In an alternative embodiment, electrode moving means 24 comprises a piezoelectric bender responsive to an actuating DC voltage for moving the starting aid between the lamp-starting and lamp-operating positions. In particular, when the actuating voltage is applied to the piezoelectric bender, the starting electrode is moved to the starting position adjacent to the arc tube. The actuating voltage is reduced or removed once the arc discharge is initiated, and the starting electrode is moved back to its original position, i.e. the lamp-operating position. Such a piezoelectric bender is described in J. C. Borowiec U.S. Pat. No. 4,894,589, cited hereinabove.

Advantageously, in addition to providing a relatively large contact area between the starting aid and the arc tube, the starting aid of the present invention is self-aligning and substantially self-supporting. That is, the spiral electrode is preferably comprised of a sufficiently flexible conductive material, such as nickel, NiChrome, or platinum, so that starting electrode 12 conforms to the arc tube when it is moved in contact therewith. Hence, each time the spiral starting electrode is moved to the lamp-starting position surrounding arc tube 14, the starting electrode and arc tube axes 25 coincide. This is the optimal starting position for the starting electrode for at least two reasons. First, the contact area between the starting electrode and the arc tube is maximized. Second, at least one turn of the spiral electrode is in contact with the portion of the arc tube nearest the arc discharge to be formed.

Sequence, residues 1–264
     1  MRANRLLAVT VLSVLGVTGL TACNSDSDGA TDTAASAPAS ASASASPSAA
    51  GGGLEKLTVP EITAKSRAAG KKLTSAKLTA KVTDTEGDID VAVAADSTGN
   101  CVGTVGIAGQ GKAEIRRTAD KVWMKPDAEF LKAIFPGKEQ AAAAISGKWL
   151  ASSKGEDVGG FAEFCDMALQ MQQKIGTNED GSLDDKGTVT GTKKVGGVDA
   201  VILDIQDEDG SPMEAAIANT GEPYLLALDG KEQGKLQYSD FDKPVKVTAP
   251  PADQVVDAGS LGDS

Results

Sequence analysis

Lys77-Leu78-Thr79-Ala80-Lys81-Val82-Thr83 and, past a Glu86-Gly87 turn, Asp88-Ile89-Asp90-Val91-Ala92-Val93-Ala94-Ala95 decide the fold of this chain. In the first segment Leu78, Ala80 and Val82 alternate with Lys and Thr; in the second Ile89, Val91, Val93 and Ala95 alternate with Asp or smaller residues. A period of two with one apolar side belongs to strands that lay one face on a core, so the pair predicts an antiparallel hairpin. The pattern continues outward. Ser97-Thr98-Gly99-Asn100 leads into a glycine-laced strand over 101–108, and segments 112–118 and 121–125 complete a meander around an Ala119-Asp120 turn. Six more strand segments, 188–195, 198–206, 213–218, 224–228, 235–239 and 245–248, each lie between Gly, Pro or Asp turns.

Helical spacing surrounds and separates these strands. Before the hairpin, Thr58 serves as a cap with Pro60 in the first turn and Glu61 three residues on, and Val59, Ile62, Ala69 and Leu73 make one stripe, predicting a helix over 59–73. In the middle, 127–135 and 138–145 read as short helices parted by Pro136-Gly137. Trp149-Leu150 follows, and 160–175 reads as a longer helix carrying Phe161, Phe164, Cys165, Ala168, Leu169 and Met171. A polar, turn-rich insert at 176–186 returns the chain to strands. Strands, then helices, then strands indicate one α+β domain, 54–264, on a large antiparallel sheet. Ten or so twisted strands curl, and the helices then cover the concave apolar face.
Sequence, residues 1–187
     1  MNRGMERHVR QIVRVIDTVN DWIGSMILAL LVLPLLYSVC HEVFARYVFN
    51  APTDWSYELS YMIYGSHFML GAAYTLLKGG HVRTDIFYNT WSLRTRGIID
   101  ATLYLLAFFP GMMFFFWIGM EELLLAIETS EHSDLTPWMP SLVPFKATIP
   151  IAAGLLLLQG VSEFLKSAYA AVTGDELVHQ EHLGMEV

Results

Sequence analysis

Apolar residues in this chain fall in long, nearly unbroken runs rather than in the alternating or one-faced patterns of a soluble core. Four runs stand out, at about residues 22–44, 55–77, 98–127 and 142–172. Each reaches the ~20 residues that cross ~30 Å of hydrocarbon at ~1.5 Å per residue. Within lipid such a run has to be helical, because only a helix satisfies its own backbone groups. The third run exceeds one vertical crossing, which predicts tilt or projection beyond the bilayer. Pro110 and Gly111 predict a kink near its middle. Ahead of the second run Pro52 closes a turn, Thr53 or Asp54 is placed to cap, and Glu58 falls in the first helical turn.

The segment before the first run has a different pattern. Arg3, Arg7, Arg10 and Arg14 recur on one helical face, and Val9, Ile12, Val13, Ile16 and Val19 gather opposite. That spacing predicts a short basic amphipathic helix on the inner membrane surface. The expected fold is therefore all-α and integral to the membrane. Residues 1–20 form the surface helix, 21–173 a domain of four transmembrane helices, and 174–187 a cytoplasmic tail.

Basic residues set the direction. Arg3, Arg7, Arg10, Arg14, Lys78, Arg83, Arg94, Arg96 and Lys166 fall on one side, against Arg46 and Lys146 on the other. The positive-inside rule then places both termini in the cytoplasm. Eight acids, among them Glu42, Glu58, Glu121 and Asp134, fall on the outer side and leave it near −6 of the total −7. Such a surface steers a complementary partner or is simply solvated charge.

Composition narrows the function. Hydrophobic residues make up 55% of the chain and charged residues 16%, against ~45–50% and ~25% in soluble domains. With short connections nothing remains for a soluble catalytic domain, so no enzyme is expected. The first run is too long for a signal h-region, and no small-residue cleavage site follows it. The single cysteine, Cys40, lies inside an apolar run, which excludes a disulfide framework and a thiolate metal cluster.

FIG. 2 illustrates an HID lamp 30 employing a starting aid 32 in accordance with an alternative embodiment of the present invention. As illustrated, lamp 30 includes an outer, light-transmissive envelope 34 enclosing arc tube 14 and starting aid 32. Starting aid 32 has a first coil portion 36 which, at least during lamp starting, conforms to the shape of arc tube 14 and has at least one turn disposed nearest the portion of the arc tube where the arc discharge is to be formed. Starting aid 32 also has a second coil portion 38 which comprises a continuation of first coil portion 36 and shares a common longitudinal axis 40 therewith. Second coil portion 38 preferably has at least one turn in contact with the arc tube and the remaining turns extend outwardly therefrom. In operation, when an RF signal is applied to excitation coil 16, the resultant magnetic flux induces a high voltage across the turns of the first and second coil portions of starting aid 32, thereby providing a sufficiently high electric field to create a glow discharge in arc tube 14 which quickly transitions to a high intensity arc discharge.